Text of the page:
An international comparison of the reliability and responsiveness of the Duke Health Profile for measuring health-related quality of life of patients treated with alprostadil for erectile dysfunction.


Journal Article

OBJECTIVES: It is important that health measures are both reliable and responsive to clinical change. The aim of this study was to assess the reliability and responsiveness of the physical, mental, and social health scales of the Duke Health Profile (DUKE). METHODS: Impotent males self-administered the Duke Health Profile before and during treatment with alprostadil for erectile dysfunction during a 19-month period. Subjects were 490 patients in the United States and 583 patients in 12 other countries. Each of the three basic Duke Health Profile scales has only five items, and each is heterogeneous because each measures more than one health concept. RESULTS: Cronbach's alpha reliability estimates were: physical health, 0.68 for United States and 0.64 for other countries; mental health, 0.62 and 0.52, respectively; and social health, 0.53 and 0.47, respectively. Alprostadil was expected to improve mental health primarily, and results of the study were consistent with this hypothesis. For example, at approximately 14 months from therapy onset, mental health improved for patients both in the United States (standardized response mean, SRM, = 0.17) and other countries (mean SRM = 0.30), whereas physical health worsened in the United States and was unchanged in other countries, and social health was unchanged in the United States and improved in other countries. Maximum responsiveness was shown for mental health in the other countries, where the mean standardized response means at four follow-ups during a 19-month period were 0.11, 0.21, 0.30, and 0.36. CONCLUSIONS: This study provides support for the responsiveness of the Duke Health Profile mental health scale.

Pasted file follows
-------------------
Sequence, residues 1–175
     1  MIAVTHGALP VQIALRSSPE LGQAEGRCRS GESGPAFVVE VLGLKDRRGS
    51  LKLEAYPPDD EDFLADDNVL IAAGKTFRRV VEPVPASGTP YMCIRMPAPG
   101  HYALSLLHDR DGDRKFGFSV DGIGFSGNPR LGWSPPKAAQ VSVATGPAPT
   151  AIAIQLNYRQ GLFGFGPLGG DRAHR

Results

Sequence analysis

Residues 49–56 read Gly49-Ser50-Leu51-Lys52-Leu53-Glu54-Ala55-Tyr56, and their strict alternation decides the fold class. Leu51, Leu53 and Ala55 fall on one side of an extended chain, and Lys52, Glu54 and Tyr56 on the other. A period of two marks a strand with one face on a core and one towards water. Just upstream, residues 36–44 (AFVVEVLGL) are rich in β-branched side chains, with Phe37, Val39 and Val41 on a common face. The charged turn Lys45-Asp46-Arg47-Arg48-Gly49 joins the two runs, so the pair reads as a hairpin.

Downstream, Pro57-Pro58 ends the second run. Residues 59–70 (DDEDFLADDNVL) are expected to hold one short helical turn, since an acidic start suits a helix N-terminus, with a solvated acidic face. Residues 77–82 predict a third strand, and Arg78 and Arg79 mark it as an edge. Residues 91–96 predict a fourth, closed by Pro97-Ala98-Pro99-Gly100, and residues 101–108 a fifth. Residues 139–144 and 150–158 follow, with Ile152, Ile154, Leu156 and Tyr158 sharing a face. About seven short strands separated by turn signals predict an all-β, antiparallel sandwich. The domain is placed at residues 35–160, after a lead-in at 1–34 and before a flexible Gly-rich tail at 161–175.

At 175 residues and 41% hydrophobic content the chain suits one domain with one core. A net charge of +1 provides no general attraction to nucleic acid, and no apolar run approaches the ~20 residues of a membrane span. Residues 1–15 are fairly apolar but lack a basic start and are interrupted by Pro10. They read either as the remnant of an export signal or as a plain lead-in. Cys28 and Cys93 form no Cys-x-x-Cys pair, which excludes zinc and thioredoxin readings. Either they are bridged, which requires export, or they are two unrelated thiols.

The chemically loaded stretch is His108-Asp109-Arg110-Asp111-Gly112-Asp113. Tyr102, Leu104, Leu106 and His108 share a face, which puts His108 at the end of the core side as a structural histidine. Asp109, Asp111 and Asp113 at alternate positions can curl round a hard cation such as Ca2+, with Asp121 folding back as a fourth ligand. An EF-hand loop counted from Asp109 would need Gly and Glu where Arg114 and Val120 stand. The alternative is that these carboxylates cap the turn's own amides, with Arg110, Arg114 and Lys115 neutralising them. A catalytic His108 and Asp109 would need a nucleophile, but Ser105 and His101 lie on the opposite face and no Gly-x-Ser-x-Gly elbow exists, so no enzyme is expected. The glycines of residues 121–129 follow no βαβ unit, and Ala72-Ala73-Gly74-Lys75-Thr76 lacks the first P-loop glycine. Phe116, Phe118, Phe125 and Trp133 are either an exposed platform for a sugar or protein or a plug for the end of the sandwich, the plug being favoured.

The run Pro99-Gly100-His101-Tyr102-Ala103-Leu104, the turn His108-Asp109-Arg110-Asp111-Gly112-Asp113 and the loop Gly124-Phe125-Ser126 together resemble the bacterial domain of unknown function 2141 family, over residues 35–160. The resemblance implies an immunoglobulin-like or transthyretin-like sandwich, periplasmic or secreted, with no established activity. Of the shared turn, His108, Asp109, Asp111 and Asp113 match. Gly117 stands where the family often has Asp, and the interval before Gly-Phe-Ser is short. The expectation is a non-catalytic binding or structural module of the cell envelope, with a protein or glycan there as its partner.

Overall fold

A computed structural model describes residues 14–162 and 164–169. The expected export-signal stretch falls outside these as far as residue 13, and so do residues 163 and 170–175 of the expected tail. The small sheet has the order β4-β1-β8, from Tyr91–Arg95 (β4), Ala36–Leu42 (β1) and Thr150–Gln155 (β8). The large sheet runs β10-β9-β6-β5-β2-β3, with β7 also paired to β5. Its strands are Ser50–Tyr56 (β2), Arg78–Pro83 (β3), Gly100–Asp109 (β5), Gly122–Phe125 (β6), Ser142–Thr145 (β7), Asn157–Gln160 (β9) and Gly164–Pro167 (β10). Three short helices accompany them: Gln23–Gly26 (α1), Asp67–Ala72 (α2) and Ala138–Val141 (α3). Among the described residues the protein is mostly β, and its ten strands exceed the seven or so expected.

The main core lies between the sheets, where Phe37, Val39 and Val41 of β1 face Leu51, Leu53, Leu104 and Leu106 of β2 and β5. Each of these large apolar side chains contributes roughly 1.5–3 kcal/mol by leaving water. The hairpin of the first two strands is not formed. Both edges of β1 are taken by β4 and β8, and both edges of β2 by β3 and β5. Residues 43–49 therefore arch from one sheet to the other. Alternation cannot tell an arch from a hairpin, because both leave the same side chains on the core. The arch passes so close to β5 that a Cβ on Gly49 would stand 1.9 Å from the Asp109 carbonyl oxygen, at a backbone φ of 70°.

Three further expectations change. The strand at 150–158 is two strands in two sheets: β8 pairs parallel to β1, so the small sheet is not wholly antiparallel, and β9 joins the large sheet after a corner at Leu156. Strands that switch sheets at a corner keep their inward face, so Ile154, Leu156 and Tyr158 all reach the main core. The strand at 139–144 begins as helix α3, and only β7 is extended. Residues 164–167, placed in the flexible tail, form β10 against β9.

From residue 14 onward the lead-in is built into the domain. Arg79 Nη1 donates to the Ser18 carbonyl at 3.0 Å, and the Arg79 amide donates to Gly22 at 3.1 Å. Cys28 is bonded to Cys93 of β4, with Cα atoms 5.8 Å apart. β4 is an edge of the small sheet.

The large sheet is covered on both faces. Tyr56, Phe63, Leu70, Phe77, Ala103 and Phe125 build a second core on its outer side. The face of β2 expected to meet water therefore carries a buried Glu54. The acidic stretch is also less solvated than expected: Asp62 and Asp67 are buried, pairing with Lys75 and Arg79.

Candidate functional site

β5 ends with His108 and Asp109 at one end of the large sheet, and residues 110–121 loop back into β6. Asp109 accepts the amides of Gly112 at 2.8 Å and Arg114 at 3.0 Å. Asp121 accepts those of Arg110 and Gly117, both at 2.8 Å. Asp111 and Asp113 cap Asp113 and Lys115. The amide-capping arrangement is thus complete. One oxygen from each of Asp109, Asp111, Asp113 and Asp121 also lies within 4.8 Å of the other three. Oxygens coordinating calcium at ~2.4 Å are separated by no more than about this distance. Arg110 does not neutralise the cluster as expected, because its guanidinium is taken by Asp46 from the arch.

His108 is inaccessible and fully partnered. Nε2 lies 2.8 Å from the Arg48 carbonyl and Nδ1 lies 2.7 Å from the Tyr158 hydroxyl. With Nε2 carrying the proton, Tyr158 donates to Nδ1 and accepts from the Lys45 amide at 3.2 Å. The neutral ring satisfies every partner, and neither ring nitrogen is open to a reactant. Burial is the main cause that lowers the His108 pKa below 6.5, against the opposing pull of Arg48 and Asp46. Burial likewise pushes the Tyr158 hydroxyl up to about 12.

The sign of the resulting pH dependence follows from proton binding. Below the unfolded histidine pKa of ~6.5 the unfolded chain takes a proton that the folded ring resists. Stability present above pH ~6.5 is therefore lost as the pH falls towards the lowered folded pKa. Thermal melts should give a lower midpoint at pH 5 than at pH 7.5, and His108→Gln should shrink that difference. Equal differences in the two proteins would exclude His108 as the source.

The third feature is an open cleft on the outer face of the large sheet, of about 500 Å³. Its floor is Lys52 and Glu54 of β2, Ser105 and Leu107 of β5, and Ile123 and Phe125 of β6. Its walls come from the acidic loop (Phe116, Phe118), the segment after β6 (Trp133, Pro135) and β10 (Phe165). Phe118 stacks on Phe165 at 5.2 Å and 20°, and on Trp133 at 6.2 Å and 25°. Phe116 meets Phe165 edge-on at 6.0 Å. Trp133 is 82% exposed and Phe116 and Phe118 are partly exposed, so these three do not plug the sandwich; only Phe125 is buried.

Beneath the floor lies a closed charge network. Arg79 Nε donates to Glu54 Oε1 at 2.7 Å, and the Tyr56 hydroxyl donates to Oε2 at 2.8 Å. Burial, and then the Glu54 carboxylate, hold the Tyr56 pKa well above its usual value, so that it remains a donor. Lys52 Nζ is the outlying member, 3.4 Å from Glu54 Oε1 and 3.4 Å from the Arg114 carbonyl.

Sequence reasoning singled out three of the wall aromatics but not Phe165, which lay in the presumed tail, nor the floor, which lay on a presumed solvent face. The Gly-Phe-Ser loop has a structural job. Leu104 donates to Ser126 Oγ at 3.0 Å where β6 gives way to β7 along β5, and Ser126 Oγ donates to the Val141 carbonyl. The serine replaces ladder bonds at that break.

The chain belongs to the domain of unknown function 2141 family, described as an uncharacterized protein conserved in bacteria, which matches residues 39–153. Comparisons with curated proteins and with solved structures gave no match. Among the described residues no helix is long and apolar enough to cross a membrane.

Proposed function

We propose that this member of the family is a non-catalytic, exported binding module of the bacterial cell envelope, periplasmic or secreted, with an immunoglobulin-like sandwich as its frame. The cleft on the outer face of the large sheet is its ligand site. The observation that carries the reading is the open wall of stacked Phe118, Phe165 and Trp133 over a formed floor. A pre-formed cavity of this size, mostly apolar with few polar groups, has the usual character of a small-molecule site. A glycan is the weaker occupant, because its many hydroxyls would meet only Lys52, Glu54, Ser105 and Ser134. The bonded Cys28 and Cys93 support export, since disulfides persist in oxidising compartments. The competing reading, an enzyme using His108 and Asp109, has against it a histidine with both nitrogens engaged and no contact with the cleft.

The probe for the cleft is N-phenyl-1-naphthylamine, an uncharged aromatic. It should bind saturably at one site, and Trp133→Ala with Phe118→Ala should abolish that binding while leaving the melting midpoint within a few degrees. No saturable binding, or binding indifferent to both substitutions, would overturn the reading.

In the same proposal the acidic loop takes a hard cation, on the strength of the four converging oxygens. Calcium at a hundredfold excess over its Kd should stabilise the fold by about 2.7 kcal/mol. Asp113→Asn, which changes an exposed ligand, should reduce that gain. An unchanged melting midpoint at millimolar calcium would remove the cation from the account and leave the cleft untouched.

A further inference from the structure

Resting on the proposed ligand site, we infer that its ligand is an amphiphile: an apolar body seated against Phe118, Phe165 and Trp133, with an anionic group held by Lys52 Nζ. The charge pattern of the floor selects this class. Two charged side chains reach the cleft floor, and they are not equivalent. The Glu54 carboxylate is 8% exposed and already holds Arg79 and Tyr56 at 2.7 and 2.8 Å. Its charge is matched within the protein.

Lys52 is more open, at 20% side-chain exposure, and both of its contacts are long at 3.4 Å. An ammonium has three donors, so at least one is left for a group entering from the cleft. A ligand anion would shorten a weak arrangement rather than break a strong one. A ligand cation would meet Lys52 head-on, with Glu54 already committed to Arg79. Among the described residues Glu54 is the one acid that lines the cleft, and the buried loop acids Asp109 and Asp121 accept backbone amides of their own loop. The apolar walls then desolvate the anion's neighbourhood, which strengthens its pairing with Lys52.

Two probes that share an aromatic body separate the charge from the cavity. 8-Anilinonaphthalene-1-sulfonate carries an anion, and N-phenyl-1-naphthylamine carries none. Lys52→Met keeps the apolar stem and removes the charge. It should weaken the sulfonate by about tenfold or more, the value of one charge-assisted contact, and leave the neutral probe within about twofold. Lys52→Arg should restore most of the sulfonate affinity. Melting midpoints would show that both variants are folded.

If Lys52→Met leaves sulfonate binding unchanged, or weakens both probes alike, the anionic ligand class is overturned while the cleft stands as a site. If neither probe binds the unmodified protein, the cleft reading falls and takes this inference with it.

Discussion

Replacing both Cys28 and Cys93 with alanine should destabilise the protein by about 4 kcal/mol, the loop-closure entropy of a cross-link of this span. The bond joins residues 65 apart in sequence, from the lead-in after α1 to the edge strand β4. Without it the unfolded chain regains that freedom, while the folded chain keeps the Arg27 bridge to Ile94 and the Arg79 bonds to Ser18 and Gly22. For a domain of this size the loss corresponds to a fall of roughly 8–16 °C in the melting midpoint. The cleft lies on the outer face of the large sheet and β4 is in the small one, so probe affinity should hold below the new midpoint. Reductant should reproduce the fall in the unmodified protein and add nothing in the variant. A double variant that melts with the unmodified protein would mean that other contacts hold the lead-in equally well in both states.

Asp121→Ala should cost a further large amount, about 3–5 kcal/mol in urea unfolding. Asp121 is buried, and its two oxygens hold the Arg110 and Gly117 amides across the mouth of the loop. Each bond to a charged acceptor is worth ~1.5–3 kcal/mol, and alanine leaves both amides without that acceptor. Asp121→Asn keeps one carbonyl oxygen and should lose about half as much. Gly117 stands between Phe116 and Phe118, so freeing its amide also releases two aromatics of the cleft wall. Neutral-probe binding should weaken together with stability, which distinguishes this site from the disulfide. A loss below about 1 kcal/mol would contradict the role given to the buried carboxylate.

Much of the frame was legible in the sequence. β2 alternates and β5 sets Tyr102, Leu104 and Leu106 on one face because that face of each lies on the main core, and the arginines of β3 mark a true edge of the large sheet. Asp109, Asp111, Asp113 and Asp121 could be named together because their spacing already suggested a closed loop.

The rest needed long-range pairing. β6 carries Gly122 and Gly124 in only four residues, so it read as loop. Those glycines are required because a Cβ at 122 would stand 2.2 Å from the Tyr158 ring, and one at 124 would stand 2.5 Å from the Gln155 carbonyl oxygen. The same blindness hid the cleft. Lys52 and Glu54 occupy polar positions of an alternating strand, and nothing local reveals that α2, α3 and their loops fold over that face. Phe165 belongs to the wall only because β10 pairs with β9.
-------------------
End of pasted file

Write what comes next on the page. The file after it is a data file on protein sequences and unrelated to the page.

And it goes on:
Full Text

Duke Authors

Cited Authors

  • Parkerson, GR; Willke, RJ; Hays, RD

Published Date

  • January 1999

Published In

Volume / Issue

  • 37 / 1

Start / End Page

  • 56 - 67

PubMed ID

  • 10413393

Pubmed Central ID

  • 10413393

International Standard Serial Number (ISSN)

  • 0025-7079

Digital Object Identifier (DOI)

  • 10.1097/00005650-199901000-00009


  • eng

Conference Location

  • United States